With effect from 20 August 2020, the following changes were made to the retained Regulation (EC) 561/2006 (EU drivers’ hours rules) and retained Regulation (EU) 165/2014 (tachograph rules) :
- Article 6(5) of retained Regulation (EC) 561/2006) requires manual records to be kept of all work (including out of scope driving and any other work) and periods of availability, using either the manual inputs on a digital/smart tachograph or by making a manual record on a record sheet (from analogue tachographs) or on printout paper (from digital tachographs).
- Article 34(5)(b)(iv) of retained Regulation (EU) 165/2014 requires periods of annual leave and sick leave, as well as breaks and rest to be recorded on the tachograph.
In conjunction with other parts of the regulations in place before August 2020, the changes mean that all drivers (including occasional drivers) must keep a full set of records of their activities for the current day and the previous 28 days. The records must cover their driving, other work, periods of availability, breaks, rest, annual leave, and sick leave.
The detailed guidance on the drivers’ hours and tachograph rules applicable to drivers of goods vehicles and passenger vehicles published on the DfI website was updated on 11 November 2020 to cover the above and other changes to the rules and can be at accessed at:
This guidance applies to all drivers of vehicles in scope of the EU drivers’ hours rules, including occasional drivers.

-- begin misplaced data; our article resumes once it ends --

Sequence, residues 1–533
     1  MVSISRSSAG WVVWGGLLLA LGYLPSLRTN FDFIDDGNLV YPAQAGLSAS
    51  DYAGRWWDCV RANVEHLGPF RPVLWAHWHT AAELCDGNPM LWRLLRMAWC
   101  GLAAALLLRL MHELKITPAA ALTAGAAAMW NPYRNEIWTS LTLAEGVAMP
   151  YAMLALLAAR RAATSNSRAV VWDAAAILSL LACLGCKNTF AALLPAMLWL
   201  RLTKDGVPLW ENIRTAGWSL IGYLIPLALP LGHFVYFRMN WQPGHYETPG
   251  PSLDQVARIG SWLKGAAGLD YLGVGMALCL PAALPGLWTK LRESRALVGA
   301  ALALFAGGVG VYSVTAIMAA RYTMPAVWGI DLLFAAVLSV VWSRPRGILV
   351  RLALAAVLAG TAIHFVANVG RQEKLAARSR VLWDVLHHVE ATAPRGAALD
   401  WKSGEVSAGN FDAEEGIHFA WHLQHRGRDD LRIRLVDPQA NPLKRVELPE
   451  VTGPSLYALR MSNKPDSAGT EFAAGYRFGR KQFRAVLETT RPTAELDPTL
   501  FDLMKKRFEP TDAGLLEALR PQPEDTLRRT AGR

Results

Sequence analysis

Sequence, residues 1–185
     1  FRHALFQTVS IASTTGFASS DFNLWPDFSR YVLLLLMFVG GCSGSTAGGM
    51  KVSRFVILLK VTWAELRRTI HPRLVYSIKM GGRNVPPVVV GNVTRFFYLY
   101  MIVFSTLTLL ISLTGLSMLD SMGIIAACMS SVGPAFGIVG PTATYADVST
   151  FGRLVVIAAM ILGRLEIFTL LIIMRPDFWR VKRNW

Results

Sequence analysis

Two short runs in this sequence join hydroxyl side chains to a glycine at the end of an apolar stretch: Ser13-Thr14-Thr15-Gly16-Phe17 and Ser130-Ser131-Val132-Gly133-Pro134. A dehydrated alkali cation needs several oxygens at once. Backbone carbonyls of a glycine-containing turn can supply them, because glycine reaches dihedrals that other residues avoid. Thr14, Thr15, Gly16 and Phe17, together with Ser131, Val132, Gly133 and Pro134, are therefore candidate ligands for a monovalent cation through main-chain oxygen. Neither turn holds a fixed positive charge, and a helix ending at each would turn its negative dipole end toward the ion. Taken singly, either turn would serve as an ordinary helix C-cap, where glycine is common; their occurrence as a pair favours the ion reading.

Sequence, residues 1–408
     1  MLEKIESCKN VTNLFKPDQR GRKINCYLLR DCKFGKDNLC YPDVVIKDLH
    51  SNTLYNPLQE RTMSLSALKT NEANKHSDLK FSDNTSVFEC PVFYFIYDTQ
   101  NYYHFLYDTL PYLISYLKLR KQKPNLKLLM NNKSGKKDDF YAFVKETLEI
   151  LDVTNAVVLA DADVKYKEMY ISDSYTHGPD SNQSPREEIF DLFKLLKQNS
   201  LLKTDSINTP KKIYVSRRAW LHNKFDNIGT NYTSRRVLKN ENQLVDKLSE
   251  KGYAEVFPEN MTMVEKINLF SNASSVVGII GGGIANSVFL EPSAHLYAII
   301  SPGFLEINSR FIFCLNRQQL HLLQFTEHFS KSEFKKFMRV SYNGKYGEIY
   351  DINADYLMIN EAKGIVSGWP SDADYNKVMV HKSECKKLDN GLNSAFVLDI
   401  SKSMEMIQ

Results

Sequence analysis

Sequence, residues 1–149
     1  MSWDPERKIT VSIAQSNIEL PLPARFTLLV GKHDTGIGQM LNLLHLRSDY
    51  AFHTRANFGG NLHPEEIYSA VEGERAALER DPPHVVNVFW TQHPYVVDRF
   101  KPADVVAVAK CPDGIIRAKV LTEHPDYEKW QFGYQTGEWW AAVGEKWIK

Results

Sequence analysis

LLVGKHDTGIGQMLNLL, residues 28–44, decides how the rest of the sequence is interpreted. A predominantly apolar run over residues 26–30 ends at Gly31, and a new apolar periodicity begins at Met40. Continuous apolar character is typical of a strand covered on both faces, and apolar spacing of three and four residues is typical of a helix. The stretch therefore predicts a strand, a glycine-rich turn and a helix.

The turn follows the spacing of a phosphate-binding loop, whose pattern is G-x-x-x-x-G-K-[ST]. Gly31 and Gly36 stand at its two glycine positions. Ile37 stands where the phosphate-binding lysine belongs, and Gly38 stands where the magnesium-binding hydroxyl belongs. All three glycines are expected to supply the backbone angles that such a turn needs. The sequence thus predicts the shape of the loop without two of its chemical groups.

Approach for recording periods exceeding one week of no in-scope driving
The Driver and Vehicle Agency (DVA) is responsible for enforcement of both the EU drivers’ hours rules and the tachograph rules. Where a driver fails to record other work and duties or attempts to hide insufficient rest periods DVA will take enforcement action.
On every day on which they drive a vehicle in scope of the EU drivers’ hours rules, all drivers must use a tachograph to record their activities on record sheets or their driver card.
It is the Department’s current interpretation of the amended regulations that while records are required to cover days when no driving of vehicle in scope of EU drivers’ hours rules is done, it is not necessary that an individual record is made for each day. The DVA is accepting, until further notice, recording of activities in blocks to cover any fixed week during which no in-scope driving takes place.
For fixed weeks (0000 hrs Monday to 2400 hrs Sunday) when no in-scope driving takes place, the DVA will accept one or more records for the whole week, as opposed to requiring seven daily records. Records must identify all the weekly rest periods within that fixed week.
When in scope driving is undertaken, a full record must be kept for that whole week with separate records for each 24-hour period.
An example is provided below.
A transport manager does not drive for a period of three weeks but works in the office, then part way through the current week (the fourth week) has to drive a vehicle in-scope of the retained EU drivers’ hours rules, due to staff shortages. Rather than expect them to produce a separate record sheet or printout for each day of the three weeks in which no in scope driving has taken place, the DVA would accept a manual record made on a record sheet or printout paper which covers the period where they have not driven.